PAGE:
• Lastly, they can mask issues if the shingle does drop too far into the gutter. As the gutter fills with debris and possibly clogs, the mulch-like material and standing water can come in contact with the shingle. Once the shingle acts like a wick or straw, it can cause roof issues hidden under the leaf gutter guard.

The MasterShield Installation Methodology

gutter guard shouldn’t add to water issues on your home. It should eliminate them from starting.

At MasterShield, we make a point of mirroring our leaf gutter guard to the pitch of your roof. Since we extend out and down over your gutter, we can accommodate slightly longer roof shingles, but not too much or the filter will be covered. (We include instructions in our installation guide that shingles can’t extend more than 10% over our filter on straight runs and not at all where there is an inside corner.) There will be occasions where you’ll have long shingles, and our dealer will accommodate them by suggesting 6-inch gutters or discussing trimming them back to best practice specifications.

MasterShield’s Shingle-Safe Back also acts as a built-in drip edge. It helps water drop forward over the trough of the gutter, not back towards the fascia. Pitching with the roof with our system means you won’t get dramatic shingle lift off the sub-roof, even as you drop towards the downspout.

When you get an estimate for a leaf guard, you should ask the estimator to assess your roof shingles so that you know how far they extend over your eave. With this information, you’ll have a better sense of developing issues or how the product will perform. Knowing what to expect after you install a leaf gutter guard can lead you to make a better-informed choice from the start.

Frequently Asked Questions About Shingle Overhang When Installing Leaf Gutter Guards

Why is it important to address shingle overhang when installing a leaf gutter guard?

If your overhang is too long, you not only have the risk of the wind catching the shingle and lifting it, which can cause damage to the shingle, but it will also lessen the effectiveness of your gutter guard as there will be a smaller opening in which to catch water and debris. Debris will often clog this smaller opening, requiring you to clean the gutter more often.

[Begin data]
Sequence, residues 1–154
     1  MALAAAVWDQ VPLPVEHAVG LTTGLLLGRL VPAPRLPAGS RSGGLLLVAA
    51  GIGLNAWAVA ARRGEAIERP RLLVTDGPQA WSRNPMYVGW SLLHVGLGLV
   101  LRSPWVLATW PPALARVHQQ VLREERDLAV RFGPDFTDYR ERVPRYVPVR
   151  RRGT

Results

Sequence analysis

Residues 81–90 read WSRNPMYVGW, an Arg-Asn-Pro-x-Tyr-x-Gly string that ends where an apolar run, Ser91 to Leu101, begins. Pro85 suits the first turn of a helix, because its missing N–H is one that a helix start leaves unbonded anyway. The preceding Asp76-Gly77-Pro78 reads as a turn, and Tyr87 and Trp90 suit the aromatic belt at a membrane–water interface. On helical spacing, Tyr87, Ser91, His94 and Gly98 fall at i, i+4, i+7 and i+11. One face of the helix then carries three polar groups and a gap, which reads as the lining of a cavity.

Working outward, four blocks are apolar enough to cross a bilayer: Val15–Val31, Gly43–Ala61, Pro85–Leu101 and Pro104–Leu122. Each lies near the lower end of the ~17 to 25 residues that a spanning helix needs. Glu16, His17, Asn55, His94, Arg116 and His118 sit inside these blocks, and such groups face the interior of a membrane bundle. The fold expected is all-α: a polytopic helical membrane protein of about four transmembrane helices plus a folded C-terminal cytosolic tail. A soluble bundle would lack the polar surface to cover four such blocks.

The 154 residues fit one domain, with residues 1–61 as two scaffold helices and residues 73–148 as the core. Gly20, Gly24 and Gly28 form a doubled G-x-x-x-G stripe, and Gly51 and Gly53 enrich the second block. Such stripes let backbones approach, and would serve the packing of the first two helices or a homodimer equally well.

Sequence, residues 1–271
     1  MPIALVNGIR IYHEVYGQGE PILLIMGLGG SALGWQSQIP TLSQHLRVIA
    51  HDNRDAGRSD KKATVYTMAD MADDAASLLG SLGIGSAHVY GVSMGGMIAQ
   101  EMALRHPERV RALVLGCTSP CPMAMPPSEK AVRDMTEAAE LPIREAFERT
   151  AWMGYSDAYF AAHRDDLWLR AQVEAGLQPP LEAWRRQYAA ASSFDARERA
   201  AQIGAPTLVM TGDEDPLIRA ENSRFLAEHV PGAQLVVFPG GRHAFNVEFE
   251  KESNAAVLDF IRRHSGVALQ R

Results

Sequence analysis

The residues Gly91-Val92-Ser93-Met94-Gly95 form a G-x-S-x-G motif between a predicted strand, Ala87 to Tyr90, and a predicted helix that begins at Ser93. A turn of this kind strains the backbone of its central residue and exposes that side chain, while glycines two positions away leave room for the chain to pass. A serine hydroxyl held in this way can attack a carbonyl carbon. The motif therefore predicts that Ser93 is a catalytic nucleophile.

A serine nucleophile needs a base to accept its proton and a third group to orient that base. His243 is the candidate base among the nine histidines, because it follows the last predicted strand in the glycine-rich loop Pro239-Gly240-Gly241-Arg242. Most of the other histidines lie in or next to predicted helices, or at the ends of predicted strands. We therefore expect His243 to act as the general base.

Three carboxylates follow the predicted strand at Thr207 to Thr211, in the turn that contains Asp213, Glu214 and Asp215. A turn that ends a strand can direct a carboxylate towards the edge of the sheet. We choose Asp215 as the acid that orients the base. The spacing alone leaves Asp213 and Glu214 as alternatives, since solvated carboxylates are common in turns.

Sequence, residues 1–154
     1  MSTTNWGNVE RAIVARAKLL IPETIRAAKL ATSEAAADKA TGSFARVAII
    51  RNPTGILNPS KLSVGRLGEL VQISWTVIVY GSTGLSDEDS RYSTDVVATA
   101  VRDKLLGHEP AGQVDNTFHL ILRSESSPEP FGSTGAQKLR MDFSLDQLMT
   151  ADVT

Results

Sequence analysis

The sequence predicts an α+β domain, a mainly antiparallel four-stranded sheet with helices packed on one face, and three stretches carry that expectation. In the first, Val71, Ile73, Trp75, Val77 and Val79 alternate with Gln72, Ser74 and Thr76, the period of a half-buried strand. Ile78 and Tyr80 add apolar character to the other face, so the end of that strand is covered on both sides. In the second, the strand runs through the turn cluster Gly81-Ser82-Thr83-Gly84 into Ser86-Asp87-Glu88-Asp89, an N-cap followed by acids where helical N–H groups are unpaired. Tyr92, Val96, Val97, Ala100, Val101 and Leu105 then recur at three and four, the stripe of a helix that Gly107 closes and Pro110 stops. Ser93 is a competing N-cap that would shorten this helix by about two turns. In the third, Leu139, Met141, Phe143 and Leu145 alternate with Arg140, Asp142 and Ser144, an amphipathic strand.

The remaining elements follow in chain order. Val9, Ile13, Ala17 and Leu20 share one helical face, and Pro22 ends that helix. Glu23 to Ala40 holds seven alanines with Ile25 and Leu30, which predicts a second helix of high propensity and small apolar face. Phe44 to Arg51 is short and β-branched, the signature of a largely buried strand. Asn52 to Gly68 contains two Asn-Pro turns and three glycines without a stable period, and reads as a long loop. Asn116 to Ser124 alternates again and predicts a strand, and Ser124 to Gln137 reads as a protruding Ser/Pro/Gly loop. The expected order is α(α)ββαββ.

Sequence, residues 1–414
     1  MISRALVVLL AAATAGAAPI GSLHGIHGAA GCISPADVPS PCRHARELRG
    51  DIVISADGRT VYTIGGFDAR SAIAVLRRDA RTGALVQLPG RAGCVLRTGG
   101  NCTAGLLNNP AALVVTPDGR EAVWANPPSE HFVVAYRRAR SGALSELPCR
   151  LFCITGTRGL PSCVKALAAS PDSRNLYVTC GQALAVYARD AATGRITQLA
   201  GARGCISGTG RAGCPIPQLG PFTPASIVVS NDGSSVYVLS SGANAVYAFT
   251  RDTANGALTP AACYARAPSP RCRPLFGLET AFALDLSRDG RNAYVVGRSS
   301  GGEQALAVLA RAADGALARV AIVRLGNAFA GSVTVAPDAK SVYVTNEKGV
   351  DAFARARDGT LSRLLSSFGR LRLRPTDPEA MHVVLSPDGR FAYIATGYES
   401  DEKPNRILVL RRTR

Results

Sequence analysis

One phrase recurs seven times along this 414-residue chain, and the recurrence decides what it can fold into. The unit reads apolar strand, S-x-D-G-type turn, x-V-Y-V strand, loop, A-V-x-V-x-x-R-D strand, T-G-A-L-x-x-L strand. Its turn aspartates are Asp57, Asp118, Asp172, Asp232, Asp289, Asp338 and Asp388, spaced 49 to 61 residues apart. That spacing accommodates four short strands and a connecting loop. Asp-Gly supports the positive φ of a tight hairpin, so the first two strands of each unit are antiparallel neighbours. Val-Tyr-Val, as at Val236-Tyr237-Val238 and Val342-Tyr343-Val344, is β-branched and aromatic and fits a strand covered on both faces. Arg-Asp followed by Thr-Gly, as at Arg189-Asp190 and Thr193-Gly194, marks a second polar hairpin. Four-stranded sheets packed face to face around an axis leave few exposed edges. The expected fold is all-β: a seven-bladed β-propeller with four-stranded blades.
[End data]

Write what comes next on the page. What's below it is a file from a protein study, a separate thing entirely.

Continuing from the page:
If your overhang is too short, however, this can also cause problems, including allowing water to seep into rake or fascia boards.

Why do I need a drip edge?

Drip edges are a metal flashing that directs water away from the edge of the roof in order to prevent it from seeping behind the soffit edge of the siding. In addition to directing water away from fascias, where they can ultimately reach the fastenings and foundations of the eaves, which accelerates rotting, drip edges also prevent water flow on deckings and can seal off small crevices and cracks that are commonly found in the bottom of the roof in order to prevent those areas from being penetrated by water.

Do shingles have to overhang the drip edge?

The shingles should be installed a minimum of 3/8 inch over the drip edge at both the eave edge and the rake edge. However, they should never extend more than 3/4 inch over the drip edge as they are no longer properly supported at this length and can crack or break off.

Why is installing a leaf gutter guard under the shingles with screws not recommended?

Anytime you screw something through your shingles into your roof, you break the roof’s water barrier, making it easier for water and debris to seep into the holes, void your roof’s warranty, and create potentially costly problems for you down the road. The MasterShield Gutter Guard, however, is installed under the shingles with our Shingle-Safe Guarantee.

MasterShield’s technology has been approved by GAF, the largest manufacturer of roof shingles because the back of the gutter guard “floats” between the starter course and the first row of shingles. No fasteners are used on the roof itself, but rather only on the front lip of the gutter, with the weight of the shingles being enough to keep the product in place. Because of this technology, roof manufacturer Owens-Corning, CertainTeed, and IKO have also all stated in writing that they would not void the warranty on the roof shingles for homes where a MasterShield Gutter Guard has been installed.